LibraryThing member debnance
Parvana is a girl in midst of a terrible war in Afghanistan. Her father has just died and she desperately wants to find her mother and siblings. She disguises herself as a boy in order to travel without great difficulty in her country. Everywhere there are enormous obstacles. She cannot find food. She cannot find clean water. She must travel across mine fields. She runs across a baby and a one-legged boy and a little girl who all travel with her, who all add to her burden of finding food and water and a safe place to pass the night.

It’s a beautiful story of great struggle, told from the point of view of a child, who sees all the miseries of war and bravely asks why and dares to seek a life without the ongoing ugliness of war.

It is Parvana’s memory of her friend who set off to find the purple fields of France that inspires her to go on, even after encountering the wailing woman, even after seeing the baby come close to death, even after trying to push the irritating one-legged boy on, even after walking for days with no food and no water.

This is a book I can see myself telling everyone I know that they must read.

A 1001 Children’s Books You Must Read Before You Grow Up.
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LibraryThing member asf_haider14
This book has been written by Deborah Ellis not sure which year but I think in 2003. It tells us a lot about the war in Afghanistan. It displays the journey of a young girl traveling around the countryside! Has been specifically written from the perspective of a young girl. It shows friendship and love. In this story the house of the young girl was bombed and she travelled throughout the countryside to seek refuge till she reached the borders with the other refugees!… (more)
LibraryThing member Elliepoole
This was an amazing book! It was fantastic to read and was really easy to get through,because I didn't want to put it down!!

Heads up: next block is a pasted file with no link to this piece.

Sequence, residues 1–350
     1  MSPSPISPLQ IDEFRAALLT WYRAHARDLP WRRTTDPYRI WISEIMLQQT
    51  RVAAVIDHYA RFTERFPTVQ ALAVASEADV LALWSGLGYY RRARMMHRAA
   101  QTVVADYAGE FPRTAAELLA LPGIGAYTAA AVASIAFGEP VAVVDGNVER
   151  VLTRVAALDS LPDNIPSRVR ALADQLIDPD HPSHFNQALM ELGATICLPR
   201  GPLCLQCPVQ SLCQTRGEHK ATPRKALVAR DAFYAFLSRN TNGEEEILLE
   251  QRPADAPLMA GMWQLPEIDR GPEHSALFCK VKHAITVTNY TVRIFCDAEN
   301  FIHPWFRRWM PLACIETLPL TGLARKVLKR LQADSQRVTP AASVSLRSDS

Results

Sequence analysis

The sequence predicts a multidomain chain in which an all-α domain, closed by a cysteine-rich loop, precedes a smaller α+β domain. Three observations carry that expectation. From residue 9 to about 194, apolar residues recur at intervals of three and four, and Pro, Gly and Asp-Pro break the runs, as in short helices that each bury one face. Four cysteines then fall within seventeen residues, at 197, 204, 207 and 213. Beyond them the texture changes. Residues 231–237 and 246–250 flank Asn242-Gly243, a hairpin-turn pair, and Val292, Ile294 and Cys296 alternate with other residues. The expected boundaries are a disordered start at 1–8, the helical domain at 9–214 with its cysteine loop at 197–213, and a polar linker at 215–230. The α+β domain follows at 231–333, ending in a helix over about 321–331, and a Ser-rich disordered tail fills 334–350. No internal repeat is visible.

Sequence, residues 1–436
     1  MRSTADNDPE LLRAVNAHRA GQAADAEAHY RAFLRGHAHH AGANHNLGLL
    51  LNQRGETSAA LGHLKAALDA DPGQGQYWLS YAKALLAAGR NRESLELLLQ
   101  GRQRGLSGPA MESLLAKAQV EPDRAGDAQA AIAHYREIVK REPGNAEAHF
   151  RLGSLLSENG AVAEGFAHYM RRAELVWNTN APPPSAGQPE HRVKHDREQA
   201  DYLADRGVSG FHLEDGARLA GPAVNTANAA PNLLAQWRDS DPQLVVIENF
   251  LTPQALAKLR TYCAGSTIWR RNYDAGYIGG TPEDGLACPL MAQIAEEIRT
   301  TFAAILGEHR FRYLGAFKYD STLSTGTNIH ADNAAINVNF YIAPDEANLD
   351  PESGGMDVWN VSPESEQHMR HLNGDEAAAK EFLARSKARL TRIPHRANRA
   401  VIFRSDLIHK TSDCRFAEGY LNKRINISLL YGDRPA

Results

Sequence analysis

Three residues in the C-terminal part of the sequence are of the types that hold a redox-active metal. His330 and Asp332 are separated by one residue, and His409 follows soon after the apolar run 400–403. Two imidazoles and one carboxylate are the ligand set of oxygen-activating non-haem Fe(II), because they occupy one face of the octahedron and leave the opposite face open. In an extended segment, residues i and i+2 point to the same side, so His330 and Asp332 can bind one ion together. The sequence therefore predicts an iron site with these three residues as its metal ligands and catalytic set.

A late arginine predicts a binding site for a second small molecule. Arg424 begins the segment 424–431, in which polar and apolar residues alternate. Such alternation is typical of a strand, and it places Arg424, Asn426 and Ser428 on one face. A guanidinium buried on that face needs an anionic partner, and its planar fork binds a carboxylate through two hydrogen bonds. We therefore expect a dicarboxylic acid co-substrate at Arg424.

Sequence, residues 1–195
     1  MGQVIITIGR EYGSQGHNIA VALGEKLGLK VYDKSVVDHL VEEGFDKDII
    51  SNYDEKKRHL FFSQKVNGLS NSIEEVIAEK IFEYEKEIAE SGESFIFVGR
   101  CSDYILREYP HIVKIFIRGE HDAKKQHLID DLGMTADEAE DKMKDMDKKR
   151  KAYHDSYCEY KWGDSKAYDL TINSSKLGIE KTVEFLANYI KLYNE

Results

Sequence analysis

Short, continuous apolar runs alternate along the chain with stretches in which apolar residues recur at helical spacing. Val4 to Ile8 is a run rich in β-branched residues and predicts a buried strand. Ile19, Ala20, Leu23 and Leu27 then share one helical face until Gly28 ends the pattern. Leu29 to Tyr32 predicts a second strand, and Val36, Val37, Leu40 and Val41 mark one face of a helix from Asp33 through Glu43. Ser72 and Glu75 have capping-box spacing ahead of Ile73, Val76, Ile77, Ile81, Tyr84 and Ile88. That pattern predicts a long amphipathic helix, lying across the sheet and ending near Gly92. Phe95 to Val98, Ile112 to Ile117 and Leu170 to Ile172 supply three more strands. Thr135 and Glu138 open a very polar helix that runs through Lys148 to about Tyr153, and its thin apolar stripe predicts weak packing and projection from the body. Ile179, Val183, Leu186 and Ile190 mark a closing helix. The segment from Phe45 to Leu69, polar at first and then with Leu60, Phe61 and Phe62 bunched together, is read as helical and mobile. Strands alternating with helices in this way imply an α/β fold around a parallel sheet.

LibraryThing member achamb15
The story broke my heart but was a great read. The message was my favorite part of the book. The lesson was to appreciate what you have and help others. As I was reading this book it really opened my eyes to how many struggling children are out there and made me appreciate my up bringing. The author constructed wonderful characters, such as Parvana and Leila, who showed bravery and persistence throughout the novel.… (more)
LibraryThing member AbigailAdams26
In this moving sequel to The Breadwinner, young Parvana sets out to find her mother and sisters, who disappeared shortly after the Taliban invaded the city where they were attending a family wedding. Disguised as a boy, she travels across the deeply scarred landscape of Afghanistan, enduring unimaginable hardship and sorrows. Forced to bury her father, she soon collects a menagerie of abandoned children around her, from infant Hassan to the injured Asif. But where can Parvana lead her new and very vulnerable family, and how can she - a twelve years old girl - ensure their safety in a country gripped by terrible violence?

A powerful story of children caught up in the madness of war, Parvana's Journey is based - like all of the books in Deborah Ellis's Breadwinner Trilogy - upon the author's experiences working at a camp for Afghani refugees. Here are moments of almost unbearable heart-ache, as when Parvana loses her father, imprisoned in The Breadwinner for the crime of having an education, and only just restored to the family. But here too are moments of hope, however brief, moments when the human spirit asserts itself. Parvana's courage, her determination to help the other children, will inspire and humble readers who have never had to confront the horrors described.
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LibraryThing member ferrisscottr
Read this with my daughter.
She absolutely loved it.
I thought it was depressing as hell.
It really was written very well - gives you a look into what it's like trying to live and grow up in a country that's been in a constant state of war for the past 30 years.




(109 ratings; 4)